Step Inside Brooklyn and London’s Stunning New Soho House Clubs
Both the DUMBO House and White City House feature rooftop pools, jaw-dropping views, and gorgeous interiors
Nick Jones (Soho House’s CEO and founder) is seated at Soho House’s new club, DUMBO House. He admires the vista—which extends from the Brooklyn Bridge to the Manhattan Bridge. Here, on the East River, there’s a sense of scale. “I’m a sucker for a good view,” he intimates. “We love a good view if we can get one.”
This month, Soho House has introduced two destinations—both with roof-deck pools: DUMBO House (at 55 Water Street in Brooklyn, New York) and White City House (at 101 Wood Lane in London). The brand, which has evolved since it was established in 1995, has come to include 20 clubs. “I think people use our clubs in different ways than they did 20 years ago,” shares Jones. “The young kids are more entrepreneurial. They don’t want corporate life, and I think that plays into our hands. We have a huge amount of ‘Under 27’ members and it keeps growing.”
DUMBO House is the brand’s first club in Brooklyn—but the brand’s third club in New York. Its art is architecture-themed with a collection that includes contributions from David Adjaye, Zoe Buckman, and Steven Siegel. Its exterior and interior decoration is reminiscent of the 1960s–1970s (when the area became an enclave for artists and their studios) with “Manhattan Bridge Blue” walls that are the exact color as the Manhattan Bridge. “I always try to take something from the outside and bring it inside so that there’s a continuation,” describes Jones. “We wanted it to be contemporary but, at the same time, incredibly comfortable. I think contemporary sometimes leads to discomfort. I think it’s still got a very clubby, lush feel about it, but in a modern way.”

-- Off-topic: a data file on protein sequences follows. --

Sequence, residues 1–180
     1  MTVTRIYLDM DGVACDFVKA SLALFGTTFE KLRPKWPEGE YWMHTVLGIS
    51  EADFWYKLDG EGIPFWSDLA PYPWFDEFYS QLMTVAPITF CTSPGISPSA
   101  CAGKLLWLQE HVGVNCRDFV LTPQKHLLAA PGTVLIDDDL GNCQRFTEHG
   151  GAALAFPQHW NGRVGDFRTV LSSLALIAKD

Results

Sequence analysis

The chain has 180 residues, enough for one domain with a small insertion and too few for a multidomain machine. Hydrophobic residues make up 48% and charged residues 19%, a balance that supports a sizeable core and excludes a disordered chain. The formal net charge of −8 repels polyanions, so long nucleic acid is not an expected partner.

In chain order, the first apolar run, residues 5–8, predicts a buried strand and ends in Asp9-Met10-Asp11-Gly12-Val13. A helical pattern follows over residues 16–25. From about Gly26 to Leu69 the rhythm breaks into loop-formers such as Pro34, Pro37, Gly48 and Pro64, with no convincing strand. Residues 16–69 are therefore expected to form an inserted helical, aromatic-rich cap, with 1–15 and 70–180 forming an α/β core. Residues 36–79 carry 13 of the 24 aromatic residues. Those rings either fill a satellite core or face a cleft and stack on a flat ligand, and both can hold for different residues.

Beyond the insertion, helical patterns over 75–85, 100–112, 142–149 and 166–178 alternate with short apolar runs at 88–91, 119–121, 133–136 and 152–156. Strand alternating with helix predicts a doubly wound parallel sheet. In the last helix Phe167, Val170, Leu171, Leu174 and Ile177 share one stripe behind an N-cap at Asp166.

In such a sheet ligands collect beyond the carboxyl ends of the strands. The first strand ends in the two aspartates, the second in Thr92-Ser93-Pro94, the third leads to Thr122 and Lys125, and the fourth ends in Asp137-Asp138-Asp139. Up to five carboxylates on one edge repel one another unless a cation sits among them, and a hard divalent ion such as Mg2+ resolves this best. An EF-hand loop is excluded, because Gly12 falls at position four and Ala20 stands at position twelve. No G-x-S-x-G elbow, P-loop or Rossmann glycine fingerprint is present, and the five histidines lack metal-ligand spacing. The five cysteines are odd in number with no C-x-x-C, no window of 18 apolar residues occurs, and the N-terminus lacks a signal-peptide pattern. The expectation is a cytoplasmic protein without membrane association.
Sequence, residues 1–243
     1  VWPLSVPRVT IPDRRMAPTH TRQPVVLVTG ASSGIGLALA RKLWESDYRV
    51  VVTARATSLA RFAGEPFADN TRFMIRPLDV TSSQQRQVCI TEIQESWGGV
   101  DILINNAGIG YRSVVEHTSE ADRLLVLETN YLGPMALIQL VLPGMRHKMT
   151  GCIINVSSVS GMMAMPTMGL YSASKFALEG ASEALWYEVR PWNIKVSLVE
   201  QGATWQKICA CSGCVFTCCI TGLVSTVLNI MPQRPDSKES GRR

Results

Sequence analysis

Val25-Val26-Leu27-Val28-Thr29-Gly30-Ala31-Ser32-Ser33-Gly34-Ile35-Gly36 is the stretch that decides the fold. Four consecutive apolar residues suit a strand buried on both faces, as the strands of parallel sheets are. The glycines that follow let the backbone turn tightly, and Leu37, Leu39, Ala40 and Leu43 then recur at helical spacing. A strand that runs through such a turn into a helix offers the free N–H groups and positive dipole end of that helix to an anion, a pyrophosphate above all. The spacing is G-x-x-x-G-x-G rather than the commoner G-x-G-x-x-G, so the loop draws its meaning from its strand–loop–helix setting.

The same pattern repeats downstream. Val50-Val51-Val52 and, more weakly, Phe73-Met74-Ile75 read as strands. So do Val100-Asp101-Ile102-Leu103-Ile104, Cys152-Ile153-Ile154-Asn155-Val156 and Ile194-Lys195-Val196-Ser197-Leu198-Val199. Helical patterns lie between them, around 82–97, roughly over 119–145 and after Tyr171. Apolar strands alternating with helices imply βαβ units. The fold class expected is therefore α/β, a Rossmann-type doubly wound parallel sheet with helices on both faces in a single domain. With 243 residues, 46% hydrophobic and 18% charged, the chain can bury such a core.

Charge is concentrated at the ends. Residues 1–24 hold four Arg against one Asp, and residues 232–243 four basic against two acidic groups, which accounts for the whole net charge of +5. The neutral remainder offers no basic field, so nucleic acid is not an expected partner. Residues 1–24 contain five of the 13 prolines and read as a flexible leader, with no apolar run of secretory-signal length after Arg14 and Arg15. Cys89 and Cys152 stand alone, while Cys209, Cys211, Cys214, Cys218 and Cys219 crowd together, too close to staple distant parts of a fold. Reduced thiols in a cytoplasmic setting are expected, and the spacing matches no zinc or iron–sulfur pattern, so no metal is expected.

White City House has been installed in West London’s Television Centre. Architect Graham Dawbarn’s iconic construction, which encircles a statue of Helios, was BBC’s home from 1960 to 2013. In the three-floor club area as well as in the 45 bedrooms, there’s a 1950s vibe with accents that include oakwood walls and terrazzo-tile floors. There are, also, references to the BBC—including a front desk that resembles a TV studio and House Canteen restaurant’s “Dear Tony Hart” art installation (which is dedicated to the BBC’s famous illustrator). “What we tried to do was pay homage to the fact that it was built in the late 1950s without being retro and without trying to be too quiche about it,” describes Jones. “And there’s a lot of TV stuff.”
Hey, it’s summer. And this is where those who are suckers for a good view—or suckers for a good view and roof-deck pools—will be.
White City House: